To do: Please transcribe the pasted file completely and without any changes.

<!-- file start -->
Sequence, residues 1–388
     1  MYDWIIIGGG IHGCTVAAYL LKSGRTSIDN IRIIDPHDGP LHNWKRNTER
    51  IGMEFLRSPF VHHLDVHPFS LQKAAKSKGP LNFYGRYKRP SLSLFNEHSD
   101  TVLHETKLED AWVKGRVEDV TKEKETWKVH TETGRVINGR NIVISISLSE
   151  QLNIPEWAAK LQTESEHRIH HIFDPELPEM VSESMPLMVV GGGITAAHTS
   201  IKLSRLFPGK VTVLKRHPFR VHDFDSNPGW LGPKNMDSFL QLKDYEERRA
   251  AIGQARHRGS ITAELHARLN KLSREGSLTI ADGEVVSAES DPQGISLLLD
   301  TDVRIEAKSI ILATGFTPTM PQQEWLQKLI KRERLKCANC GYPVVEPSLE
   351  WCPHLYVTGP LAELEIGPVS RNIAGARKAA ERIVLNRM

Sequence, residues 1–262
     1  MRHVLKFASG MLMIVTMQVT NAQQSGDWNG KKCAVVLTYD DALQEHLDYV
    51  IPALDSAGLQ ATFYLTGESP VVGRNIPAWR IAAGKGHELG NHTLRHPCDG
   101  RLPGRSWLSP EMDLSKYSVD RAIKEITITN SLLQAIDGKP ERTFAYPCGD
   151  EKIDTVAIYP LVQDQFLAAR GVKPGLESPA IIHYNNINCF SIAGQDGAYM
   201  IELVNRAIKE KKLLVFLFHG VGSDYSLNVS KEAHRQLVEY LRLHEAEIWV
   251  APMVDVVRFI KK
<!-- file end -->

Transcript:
Sequence, residues 1–388
     1  MYDWIIIGGG IHGCTVAAYL LKSGRTSIDN IRIIDPHDGP LHNWKRNTER
    51  IGMEFLRSPF VHHLDVHPFS LQKAAKSKGP LNFYGRYKRP SLSLFNEHSD
   101  TVLHETKLED AWVKGRVEDV TKEKETWKVH TETGRVINGR NIVISISLSE
   151  QLNIPEWAAK LQTESEHRIH HIFDPELPEM VSESMPLMVV GGGITAAHTS
   201  IKLSRLFPGK VTVLKRHPFR VHDFDSNPGW LGPKNMDSFL QLKDYEERRA
   251  AIGQARHRGS ITAELHARLN KLSREGSLTI ADGEVVSAES DPQGISLLLD
   301  TDVRIEAKSI ILATGFTPTM PQQEWLQKLI KRERLKCANC GYPVVEPSLE
   351  WCPHLYVTGP LAELEIGPVS RNIAGARKAA ERIVLNRM

Sequence, residues 1–262
     1  MRHVLKFASG MLMIVTMQVT NAQQSGDWNG KKCAVVLTYD DALQEHLDYV
    51  IPALDSAGLQ ATFYLTGESP VVGRNIPAWR IAAGKGHELG NHTLRHPCDG
   101  RLPGRSWLSP EMDLSKYSVD RAIKEITITN SLLQAIDGKP ERTFAYPCGD
   151  EKIDTVAIYP LVQDQFLAAR GVKPGLESPA IIHYNNINCF SIAGQDGAYM
   201  IELVNRAIKE KKLLVFLFHG VGSDYSLNVS KEAHRQLVEY LRLHEAEIWV
   251  APMVDVVRFI KK